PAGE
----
It has been seven years since Army Rangers swept in and carried former prisoner of war Jessica Lynch, then an Army private, out of an Iraqi hospital where she had been held captive for nine days.
Yet that ordeal, which thrust her into a worldwide spotlight due to early -- and erroneous -- government depictions of her as a Rambo-like fighter and the televised rescue raid that followed, still haunts the now-27-year-old West Virginia native.
"I have nightmares on a regular basis," Ms. Lynch said during a recent telephone interview, her quiet, girlish voice sometimes disappearing behind a request for attention from her 3-year-old daughter, Dakota Ann.
"I dream of people chasing me through the woods and trying to kill me."
The lingering effects of the physical injuries she suffered in the early days of the Iraq war are also everyday reminders of the day in April 2003 when her convoy was attacked after making a wrong turn in Nasiriyah, Iraq.
Her best friend, Lori Ann Piestewa, and 10 other soldiers died in the attack. Ms. Lynch, who suffered multiple injuries, and five others were captured.
Ms. Lynch now lives in Elizabeth, W.Va., about 16 miles from Parkersburg, and is planning her wedding.
A former Army supply clerk, Ms. Lynch became internationally known after her capture and rescue -- and after military officials, in widely circulated reports early in the war, initially described her as a female Rambo who fought back fiercely after the ambush. Ms. Lynch has maintained she never fired her weapon and was knocked unconscious during the attack.
According to her 2003 biography, Ms. Lynch cannot remember what happened to her until she woke up hours later in an Iraqi military hospital. She suffered spinal fractures and other broken bones and was sexually assaulted after the attack, according to medical records cited in her book; Iraqi doctors have disputed the sexual assault allegations.
Today, in addition to her ongoing nightmares, she remains in pain from the physical injuries she suffered in the attack -- a crushed right foot, metal rods in her right humerus, left femur and left tibia, a metal cage supporting her spine, and nerve damage that has affected her bladder and bowel. She uses a brace on her foot and continues to undergo physical therapy, but she said those things do not define her life today.
"I don't mentally let it get to me," Ms. Lynch said. "It's just something I live with everyday. More than anything, I consider myself blessed because of my baby and the fact I made it out alive."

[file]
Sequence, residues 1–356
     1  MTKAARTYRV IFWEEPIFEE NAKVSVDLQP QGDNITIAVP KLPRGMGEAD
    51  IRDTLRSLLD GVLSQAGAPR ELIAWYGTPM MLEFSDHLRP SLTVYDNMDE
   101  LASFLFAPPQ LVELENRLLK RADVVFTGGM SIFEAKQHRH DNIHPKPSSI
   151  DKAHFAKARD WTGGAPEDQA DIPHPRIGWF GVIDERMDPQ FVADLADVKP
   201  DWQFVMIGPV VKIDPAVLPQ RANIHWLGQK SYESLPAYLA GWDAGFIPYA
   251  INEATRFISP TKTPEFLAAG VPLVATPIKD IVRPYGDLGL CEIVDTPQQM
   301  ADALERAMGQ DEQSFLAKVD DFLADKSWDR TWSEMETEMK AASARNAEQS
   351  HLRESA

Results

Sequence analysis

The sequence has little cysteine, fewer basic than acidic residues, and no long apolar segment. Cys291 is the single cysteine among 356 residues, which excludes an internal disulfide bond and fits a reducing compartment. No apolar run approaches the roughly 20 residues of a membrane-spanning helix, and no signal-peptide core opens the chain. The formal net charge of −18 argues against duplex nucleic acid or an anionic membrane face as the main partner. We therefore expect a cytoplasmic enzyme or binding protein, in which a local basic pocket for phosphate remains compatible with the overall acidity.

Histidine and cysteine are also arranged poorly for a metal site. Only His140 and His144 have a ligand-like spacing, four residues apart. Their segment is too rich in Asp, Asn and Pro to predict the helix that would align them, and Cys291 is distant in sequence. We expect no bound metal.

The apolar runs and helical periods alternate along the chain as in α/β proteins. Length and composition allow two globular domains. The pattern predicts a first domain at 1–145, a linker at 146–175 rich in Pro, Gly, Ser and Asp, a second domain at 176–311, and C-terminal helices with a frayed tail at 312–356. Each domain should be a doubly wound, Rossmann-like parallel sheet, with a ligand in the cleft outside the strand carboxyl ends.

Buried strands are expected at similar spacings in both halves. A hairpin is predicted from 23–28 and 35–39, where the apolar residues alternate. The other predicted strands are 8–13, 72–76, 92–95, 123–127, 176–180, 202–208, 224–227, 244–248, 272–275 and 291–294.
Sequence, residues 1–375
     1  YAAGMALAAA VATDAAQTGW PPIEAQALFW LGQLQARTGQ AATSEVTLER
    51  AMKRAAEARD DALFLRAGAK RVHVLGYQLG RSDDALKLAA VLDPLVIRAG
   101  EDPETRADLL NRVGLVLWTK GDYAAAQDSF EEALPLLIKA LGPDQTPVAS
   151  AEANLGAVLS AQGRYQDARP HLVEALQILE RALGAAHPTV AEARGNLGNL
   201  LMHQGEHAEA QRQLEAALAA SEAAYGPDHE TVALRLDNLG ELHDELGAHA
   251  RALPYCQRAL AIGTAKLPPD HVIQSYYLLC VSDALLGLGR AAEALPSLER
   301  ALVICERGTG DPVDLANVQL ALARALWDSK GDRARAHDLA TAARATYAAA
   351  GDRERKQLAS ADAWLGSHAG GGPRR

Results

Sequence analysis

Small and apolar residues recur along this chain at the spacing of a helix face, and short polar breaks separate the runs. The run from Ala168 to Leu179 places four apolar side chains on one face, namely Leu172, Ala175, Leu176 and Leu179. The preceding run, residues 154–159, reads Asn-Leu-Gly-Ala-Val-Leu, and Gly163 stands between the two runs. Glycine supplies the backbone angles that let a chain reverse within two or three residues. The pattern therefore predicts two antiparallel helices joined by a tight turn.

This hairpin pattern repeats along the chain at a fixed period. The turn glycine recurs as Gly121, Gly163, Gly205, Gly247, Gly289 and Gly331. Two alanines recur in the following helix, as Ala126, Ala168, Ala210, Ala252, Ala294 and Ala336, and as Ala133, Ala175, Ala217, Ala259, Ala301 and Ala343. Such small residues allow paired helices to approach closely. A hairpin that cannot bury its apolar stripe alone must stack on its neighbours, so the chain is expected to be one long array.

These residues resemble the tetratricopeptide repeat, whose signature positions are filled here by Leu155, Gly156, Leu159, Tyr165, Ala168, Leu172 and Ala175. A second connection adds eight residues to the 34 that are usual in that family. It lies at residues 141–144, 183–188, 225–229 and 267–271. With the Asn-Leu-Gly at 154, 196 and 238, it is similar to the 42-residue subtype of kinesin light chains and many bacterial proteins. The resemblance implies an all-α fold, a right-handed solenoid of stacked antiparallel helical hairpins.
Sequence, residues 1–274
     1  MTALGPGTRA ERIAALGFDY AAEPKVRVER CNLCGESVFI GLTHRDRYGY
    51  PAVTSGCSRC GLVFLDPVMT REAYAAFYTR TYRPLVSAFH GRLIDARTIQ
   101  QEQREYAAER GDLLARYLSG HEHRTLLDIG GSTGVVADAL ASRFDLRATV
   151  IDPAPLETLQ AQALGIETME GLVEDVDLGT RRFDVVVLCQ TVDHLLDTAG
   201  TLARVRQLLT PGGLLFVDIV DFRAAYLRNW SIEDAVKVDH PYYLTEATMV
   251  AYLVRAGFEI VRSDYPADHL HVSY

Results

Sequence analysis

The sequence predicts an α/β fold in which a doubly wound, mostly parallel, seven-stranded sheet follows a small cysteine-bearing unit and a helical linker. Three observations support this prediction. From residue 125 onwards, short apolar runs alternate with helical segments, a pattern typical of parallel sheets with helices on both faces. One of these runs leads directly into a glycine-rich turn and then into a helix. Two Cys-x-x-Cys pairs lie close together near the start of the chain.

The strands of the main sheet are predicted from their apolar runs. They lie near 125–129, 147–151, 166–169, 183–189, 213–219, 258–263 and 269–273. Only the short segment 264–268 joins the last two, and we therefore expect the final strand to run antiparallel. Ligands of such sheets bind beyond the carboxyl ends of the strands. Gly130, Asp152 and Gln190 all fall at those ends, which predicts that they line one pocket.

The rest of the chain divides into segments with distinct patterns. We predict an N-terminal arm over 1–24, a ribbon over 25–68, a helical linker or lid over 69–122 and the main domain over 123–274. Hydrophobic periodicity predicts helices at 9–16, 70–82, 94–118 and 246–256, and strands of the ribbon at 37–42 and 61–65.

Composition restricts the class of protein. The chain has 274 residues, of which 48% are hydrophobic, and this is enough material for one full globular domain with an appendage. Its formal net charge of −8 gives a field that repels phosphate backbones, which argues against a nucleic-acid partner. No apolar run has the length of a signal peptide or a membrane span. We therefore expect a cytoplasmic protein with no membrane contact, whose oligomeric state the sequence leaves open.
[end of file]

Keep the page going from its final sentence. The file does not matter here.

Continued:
Ms. Lynch realizes she will probably never escape the notoriety she received because of the later-debunked reports about her capture and the raid in which she became the first U.S. POW to be rescued since World War II.
She said she's surprised people know who she is after so much time.
In addition to being a mother, she is attending classes in elementary education at West Virginia University. She also speaks to groups -- some as large as 50,000 people -- across the country several times a month.
Elementary students she's spoken to have read about her in class.
"The first time I realized that, I thought, 'My goodness. I'm in the history books.' "
Some people still want to believe in what she calls the "fabrication" that she engaged in Rambo-style heroics, she said. Rather than focusing on her past, she said, the message she tries to convey to her audiences is one of hope: Persevere. You have the power to overcome. It is within you.
Ms. Lynch also has become a strong advocate for Fisher House, which provides free housing for families whose loved ones are being treated in nearby VA hospitals.
The VA Pittsburgh Healthcare System earlier this year announced plans to break ground this summer for a $5 million Fisher House within walking distance of its Oakland facilities. It will be the state's first Fisher House.
There are 43 Fisher Houses located on 18 military installations and 13 VA Medical Centers in 13 states, as well as in Washington, D.C., and Landstuhl, Germany. Ms. Lynch's family stayed in the Landstuhl Fisher House during her long recovery in Germany.
She will speak next Sunday at North Allegheny Senior High School during a fundraiser for the Pittsburgh facility. The event, which is free, starts at 2 p.m.
Franklin Park historian Debby Rabold, whose husband was a Fisher House liaison for the VA before he retired three years ago, said she organized the event to coincide with Armed Forces Day, which is May 15. Ms. Lynch said she's making the trek from her home to Pittsburgh because she believes in Fisher House's mission.
"The Fisher House was our savior," she said.
People who come to hear her speak shouldn't expect to see a hero, Ms. Lynch said.
"It's hard for me because I don't think of myself like that," she said. "I want to help people, and maybe if people think, 'Look what happened to her and she can do this and this and this,' then maybe they'll say, 'I can do this and this and this.' "
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